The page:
In Harwood, we reached the merits of a legislative immunity defense even though the defendants failed to raise the issue in the district court. 69 F.3d at 627-29. We found it appropriate to reach the untimely immunity issue because: (1) the omitted issue was purely legal in nature; (2) the belated proffer raised an issue of constitutional magnitude; (3) the omitted argument was highly persuasive; (4) there was no inequity or special prejudice to the plaintiffs in allowing the defense to be raised for the first time on appeal; (5) the omission seemed entirely inadvertent; and (6) the omitted issue implicated a matter of great public concern. See id.; see also Krynicki, 689 F.2d at 291-92 (allowing a party to raise a virgin issue on appeal because (1) the issue was purely legal; (2) the omitted argument was highly persuasive; (3) the omitted issue was likely to arise again in other cases; and (4) the failure to address the issue would result in a miscarriage of justice).
Because I believe that these factors are more than adequately represented in this case, I would excuse the City's failure to raise its municipal immunity defense below. First, whether the City should be immune from the $500,000 punitive damages award is a purely legal issue, cf. Harwood, 69 F.3d at 627 (discussing the issue of legislative immunity as "purely legal in nature"), and the record necessary to resolve it can be developed no further. See La Guardia, 902 F.2d at 1013 ("[Whether] the point can be resolved with certitude on the existing record . . . [is] a factor that often inclines a court to entertain a pivotal argument for the first time on appeal."). Second, the omitted issue is highly persuasive -- that is, if the City is allowed to raise its municipal immunity defense, it would undoubtedly prove victorious on the issue given the Supreme Court's holding in City of Newport.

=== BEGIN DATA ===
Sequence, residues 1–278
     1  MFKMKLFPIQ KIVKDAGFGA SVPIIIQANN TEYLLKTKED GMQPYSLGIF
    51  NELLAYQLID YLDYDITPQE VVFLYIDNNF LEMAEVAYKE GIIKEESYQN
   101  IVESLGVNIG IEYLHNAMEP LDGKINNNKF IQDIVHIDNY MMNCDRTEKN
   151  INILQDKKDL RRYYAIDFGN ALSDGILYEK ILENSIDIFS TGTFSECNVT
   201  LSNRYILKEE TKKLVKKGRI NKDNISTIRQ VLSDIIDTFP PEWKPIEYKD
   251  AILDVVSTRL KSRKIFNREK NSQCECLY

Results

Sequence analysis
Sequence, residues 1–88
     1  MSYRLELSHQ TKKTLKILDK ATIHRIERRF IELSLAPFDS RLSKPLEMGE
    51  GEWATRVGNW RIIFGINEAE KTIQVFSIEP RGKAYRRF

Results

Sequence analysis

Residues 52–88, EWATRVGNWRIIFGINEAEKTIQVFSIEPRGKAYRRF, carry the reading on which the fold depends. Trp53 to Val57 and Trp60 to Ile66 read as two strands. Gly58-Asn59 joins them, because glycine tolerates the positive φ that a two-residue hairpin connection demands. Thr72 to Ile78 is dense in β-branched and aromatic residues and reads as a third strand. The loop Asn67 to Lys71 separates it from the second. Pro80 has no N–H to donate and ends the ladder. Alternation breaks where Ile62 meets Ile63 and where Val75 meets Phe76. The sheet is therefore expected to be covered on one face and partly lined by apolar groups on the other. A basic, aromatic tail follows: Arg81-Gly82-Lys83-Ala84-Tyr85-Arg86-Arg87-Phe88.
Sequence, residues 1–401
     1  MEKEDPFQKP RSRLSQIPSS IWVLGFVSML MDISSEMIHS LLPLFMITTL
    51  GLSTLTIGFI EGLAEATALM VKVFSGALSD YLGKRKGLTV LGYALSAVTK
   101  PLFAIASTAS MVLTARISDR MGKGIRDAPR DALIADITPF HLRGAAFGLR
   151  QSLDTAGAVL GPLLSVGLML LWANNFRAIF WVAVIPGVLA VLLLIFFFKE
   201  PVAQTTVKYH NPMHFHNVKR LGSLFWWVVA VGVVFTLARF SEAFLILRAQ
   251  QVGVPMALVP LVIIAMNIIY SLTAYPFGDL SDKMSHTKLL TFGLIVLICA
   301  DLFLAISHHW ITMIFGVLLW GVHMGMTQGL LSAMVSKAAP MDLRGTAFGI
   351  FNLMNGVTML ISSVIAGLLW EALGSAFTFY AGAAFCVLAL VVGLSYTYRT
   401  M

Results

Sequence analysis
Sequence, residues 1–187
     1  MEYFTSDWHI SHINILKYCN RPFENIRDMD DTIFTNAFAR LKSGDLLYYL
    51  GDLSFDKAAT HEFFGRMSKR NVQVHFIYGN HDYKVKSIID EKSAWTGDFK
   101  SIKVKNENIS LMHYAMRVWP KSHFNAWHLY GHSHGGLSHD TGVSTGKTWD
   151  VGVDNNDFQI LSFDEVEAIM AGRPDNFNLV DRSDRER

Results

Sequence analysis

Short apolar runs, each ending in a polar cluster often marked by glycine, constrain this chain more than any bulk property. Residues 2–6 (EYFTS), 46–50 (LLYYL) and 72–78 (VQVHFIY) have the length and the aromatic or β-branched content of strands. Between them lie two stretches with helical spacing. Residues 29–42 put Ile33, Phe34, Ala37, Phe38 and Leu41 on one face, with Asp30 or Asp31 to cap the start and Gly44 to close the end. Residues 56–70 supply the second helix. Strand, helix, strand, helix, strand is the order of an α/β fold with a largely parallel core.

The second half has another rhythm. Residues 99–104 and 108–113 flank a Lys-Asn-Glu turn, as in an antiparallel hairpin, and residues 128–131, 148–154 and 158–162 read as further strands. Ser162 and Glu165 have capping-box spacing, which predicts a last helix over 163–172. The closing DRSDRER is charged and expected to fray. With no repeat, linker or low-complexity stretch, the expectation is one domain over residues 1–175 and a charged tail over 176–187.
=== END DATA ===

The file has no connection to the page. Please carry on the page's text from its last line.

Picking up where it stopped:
Third, Chestnut would not suffer any procedural inequity or special prejudice were we to address this issue. 4 Plaintiff addressed the omitted issue in his brief and set forth his claims at oral argument. Cf. Singleton v. Wulff, 428 U.S. 106, 120 (1976) (discussing importance, in determining whether to reach an omitted issue, of ensuring that the opposing party "ha[s] the opportunity to present whatever legal arguments he may have" to the court of appeals). Thus, the absence of unfairness weighs in favor of addressing the omitted issue.
Fourth, the City's failure to raise its municipal immunity defense seems entirely inadvertent. Although the omission had the regrettable effect of prolonging the trial, it did not produce any tactical advantage to the defendant.
Fifth, and perhaps most importantly, the failure to address the City's municipal immunity defense would result in a miscarriage of justice. "[P]unitive damages imposed on a municipality . . . are likely accompanied by an increase in taxes or a reduction of public services for the citizens footing the bill." City of Newport, 453 U.S. at 267. It is convoluted and unfair to impose the burdens of a punitive damages award on the same taxpayers and citizens for whose benefit the wrongdoer was being chastised. See id. Punishing blameless taxpayers for the ineptitude of the City's attorney is simply unjust, especially considering that the taxpayers are in no position to deter similar negligence in the future.
Because all of these factors converge in the City's favor, I would excuse the City's failure to assert its immunity defense below and proceed to address the merits of the defense. In City of Newport, the Supreme Court unequivocally held that municipalities are immune from punitive damages in § 1983 actions. 453 U.S. at 271. Chestnut can advance no argument, and I cannot conceive of any, to attack this proposition. On this basis, I would find that the City's defense precludes the punitive damages award in this case, and I would strike those damages.
I therefore concur in the outcome of the majority opinion.